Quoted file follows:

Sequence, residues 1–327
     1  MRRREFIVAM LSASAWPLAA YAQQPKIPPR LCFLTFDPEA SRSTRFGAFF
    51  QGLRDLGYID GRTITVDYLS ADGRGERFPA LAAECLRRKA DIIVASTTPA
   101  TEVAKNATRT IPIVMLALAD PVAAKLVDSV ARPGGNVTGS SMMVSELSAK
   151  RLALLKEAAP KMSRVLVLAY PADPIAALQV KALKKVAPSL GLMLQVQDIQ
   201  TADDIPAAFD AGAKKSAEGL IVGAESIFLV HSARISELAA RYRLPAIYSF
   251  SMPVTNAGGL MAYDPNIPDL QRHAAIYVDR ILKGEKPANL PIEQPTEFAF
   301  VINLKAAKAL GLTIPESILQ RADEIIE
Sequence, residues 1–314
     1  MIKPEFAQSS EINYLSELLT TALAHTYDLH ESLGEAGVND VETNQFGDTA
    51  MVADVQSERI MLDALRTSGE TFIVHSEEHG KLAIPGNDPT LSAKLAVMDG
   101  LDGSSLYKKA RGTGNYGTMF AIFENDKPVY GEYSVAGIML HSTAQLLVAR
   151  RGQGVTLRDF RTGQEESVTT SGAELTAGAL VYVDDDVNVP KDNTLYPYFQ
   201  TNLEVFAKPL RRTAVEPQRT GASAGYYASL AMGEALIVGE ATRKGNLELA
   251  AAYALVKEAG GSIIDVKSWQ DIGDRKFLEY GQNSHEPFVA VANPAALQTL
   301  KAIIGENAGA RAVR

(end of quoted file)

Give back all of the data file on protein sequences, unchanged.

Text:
Sequence, residues 1–327
     1  MRRREFIVAM LSASAWPLAA YAQQPKIPPR LCFLTFDPEA SRSTRFGAFF
    51  QGLRDLGYID GRTITVDYLS ADGRGERFPA LAAECLRRKA DIIVASTTPA
   101  TEVAKNATRT IPIVMLALAD PVAAKLVDSV ARPGGNVTGS SMMVSELSAK
   151  RLALLKEAAP KMSRVLVLAY PADPIAALQV KALKKVAPSL GLMLQVQDIQ
   201  TADDIPAAFD AGAKKSAEGL IVGAESIFLV HSARISELAA RYRLPAIYSF
   251  SMPVTNAGGL MAYDPNIPDL QRHAAIYVDR ILKGEKPANL PIEQPTEFAF
   301  VINLKAAKAL GLTIPESILQ RADEIIE
Sequence, residues 1–314
     1  MIKPEFAQSS EINYLSELLT TALAHTYDLH ESLGEAGVND VETNQFGDTA
    51  MVADVQSERI MLDALRTSGE TFIVHSEEHG KLAIPGNDPT LSAKLAVMDG
   101  LDGSSLYKKA RGTGNYGTMF AIFENDKPVY GEYSVAGIML HSTAQLLVAR
   151  RGQGVTLRDF RTGQEESVTT SGAELTAGAL VYVDDDVNVP KDNTLYPYFQ
   201  TNLEVFAKPL RRTAVEPQRT GASAGYYASL AMGEALIVGE ATRKGNLELA
   251  AAYALVKEAG GSIIDVKSWQ DIGDRKFLEY GQNSHEPFVA VANPAALQTL
   301  KAIIGENAGA RAVR